Aye, Elvis

Oran Mor, Glasgow

Mary Brennan, four stars

ABERDEEN – like the rest of the UK – never saw Elvis performing in the flesh. Nonetheless, the wonder of Elvis lives on: often in the very variable shapes of Elvis impersonators. Joan (Joyce Falconer) prefers to call them ‘tribute artists’. In truth, at local karaoke nights in Aberdeen, Joan’s gung-ho Doric renditions of Elvis classics are more of a tribute to fantasy –aspiration triumphing over down-to-earth reality. But when reality is a dead-end job, alongside being the sole carer for an elderly mother in a wheelchair ... well, surely Joan has earned her right to dream of applause, of winning cash prizes, of going to Graceland?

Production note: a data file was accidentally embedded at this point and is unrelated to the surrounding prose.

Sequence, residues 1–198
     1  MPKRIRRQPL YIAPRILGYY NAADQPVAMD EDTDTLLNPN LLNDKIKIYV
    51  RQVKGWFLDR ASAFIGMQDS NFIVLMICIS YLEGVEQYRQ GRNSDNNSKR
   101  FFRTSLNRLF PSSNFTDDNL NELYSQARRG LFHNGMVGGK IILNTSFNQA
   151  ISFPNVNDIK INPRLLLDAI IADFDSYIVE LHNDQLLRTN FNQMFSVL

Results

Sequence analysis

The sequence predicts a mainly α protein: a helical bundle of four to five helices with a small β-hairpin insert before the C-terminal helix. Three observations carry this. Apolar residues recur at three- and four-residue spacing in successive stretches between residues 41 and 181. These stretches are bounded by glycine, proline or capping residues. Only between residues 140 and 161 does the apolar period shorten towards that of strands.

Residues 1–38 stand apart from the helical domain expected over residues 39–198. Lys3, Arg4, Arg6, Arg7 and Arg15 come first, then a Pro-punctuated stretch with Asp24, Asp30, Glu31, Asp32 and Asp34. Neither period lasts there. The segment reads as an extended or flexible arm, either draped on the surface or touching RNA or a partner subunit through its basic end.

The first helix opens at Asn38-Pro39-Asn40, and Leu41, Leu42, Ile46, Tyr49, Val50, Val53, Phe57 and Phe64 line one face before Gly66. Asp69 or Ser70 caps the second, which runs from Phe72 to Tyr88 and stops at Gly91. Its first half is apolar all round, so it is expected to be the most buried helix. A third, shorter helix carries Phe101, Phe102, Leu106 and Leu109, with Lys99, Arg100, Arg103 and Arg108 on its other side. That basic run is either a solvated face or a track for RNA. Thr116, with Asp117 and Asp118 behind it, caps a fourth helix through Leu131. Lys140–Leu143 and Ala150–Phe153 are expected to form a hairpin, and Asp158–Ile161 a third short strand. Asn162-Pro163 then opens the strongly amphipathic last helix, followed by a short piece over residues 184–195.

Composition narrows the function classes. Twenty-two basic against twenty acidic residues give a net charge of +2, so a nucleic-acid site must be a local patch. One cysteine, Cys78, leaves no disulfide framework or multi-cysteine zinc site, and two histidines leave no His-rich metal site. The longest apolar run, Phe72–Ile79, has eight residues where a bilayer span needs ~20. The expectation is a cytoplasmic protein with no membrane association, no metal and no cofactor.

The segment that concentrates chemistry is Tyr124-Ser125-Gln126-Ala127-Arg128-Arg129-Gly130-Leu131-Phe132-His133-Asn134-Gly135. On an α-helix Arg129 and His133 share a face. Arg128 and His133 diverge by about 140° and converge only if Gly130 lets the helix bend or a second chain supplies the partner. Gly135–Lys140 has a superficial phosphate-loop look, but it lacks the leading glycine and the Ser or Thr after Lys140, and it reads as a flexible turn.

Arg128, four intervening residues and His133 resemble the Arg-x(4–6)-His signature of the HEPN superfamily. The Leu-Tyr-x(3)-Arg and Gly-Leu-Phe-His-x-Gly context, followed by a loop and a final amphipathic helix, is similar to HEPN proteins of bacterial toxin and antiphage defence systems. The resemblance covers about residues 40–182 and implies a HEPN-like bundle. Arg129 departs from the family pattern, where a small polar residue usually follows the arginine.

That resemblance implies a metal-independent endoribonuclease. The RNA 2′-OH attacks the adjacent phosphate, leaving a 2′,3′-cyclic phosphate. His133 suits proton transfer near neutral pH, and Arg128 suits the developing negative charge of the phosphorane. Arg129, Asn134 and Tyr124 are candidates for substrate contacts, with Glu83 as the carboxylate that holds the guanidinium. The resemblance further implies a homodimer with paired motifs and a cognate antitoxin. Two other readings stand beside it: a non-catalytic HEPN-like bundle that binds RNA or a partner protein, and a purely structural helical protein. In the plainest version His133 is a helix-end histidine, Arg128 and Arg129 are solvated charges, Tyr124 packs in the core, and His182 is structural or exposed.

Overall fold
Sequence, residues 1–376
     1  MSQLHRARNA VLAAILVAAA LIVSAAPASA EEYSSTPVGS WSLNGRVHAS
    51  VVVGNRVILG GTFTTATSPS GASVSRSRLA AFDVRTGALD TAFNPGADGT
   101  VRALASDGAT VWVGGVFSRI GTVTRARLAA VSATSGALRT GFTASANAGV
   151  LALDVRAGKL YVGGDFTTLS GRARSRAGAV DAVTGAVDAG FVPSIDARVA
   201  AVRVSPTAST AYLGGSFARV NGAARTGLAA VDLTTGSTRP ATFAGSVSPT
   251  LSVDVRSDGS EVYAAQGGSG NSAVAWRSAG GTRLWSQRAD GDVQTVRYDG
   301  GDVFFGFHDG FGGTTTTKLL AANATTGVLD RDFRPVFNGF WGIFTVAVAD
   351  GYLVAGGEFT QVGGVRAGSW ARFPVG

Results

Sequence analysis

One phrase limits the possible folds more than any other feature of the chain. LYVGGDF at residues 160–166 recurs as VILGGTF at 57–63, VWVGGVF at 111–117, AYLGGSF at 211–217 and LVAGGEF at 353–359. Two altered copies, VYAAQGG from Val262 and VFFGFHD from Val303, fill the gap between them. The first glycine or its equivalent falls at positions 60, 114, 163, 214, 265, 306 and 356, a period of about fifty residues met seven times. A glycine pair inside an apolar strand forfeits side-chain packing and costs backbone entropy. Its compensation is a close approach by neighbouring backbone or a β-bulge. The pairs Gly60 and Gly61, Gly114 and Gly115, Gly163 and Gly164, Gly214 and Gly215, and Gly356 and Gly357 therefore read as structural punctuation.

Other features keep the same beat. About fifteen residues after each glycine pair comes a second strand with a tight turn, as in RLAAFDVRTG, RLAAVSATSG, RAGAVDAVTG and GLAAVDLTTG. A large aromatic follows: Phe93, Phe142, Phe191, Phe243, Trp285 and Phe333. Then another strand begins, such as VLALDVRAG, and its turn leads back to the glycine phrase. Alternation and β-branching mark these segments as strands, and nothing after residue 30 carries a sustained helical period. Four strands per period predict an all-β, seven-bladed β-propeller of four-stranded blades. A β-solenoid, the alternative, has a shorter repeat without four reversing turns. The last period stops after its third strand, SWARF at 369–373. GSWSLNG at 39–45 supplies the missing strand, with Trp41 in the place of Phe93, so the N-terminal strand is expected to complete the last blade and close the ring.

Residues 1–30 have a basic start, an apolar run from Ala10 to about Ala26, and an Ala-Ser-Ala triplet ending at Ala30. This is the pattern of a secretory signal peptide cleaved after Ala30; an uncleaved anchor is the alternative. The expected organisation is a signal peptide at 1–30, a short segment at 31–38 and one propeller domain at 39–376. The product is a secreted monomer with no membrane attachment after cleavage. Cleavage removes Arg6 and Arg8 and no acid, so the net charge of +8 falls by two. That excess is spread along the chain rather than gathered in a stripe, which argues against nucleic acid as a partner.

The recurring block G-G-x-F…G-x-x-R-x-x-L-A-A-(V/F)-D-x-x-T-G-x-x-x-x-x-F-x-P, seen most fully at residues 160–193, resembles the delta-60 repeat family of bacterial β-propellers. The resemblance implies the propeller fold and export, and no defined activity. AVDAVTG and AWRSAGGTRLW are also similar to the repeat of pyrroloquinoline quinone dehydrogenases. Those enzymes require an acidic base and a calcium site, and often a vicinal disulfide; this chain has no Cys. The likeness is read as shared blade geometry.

It’s this back-story of a cash-strapped, drab existence that brings Morna Young’s engagingly daft comedy to the edge of a genuinely affecting abyss of bleak disappointment. If Young’s writing is adept at changing gears between the highs and lows of Joan’s single-minded discovery of her ‘inner Elvis’ then director Ken Alexander and a tremendous cast are totally onside in shading the broad sweeps of humour with sadly telling little character details. There’s such helpless frustration in Agnes' (Karen Ramsay) fists, beating against the air as she rails against being left alone and housebound – again – because daughter Joan is out, channelling Elvis. And there’s a wistful sincerity in David McGowan’s lovelorn DJ, Fat Bob – ever helpful, but barely registered by Joan on her quest for success. Meanwhile Joyce Falconer – encased in a white rhinestone-studded and caped jumpsuit that echoes Elvis’s Vegas days – is capturing the very essence of Joan’s yearning to have a life, even if that life shadows that of a dead pop icon. She acquires the curling snarl of Elvis’s upper lip, adopts the stances, the kicks, the gestures – it’s Elvis, but it’s truly the indomitable Joan who’s the real King-pin here.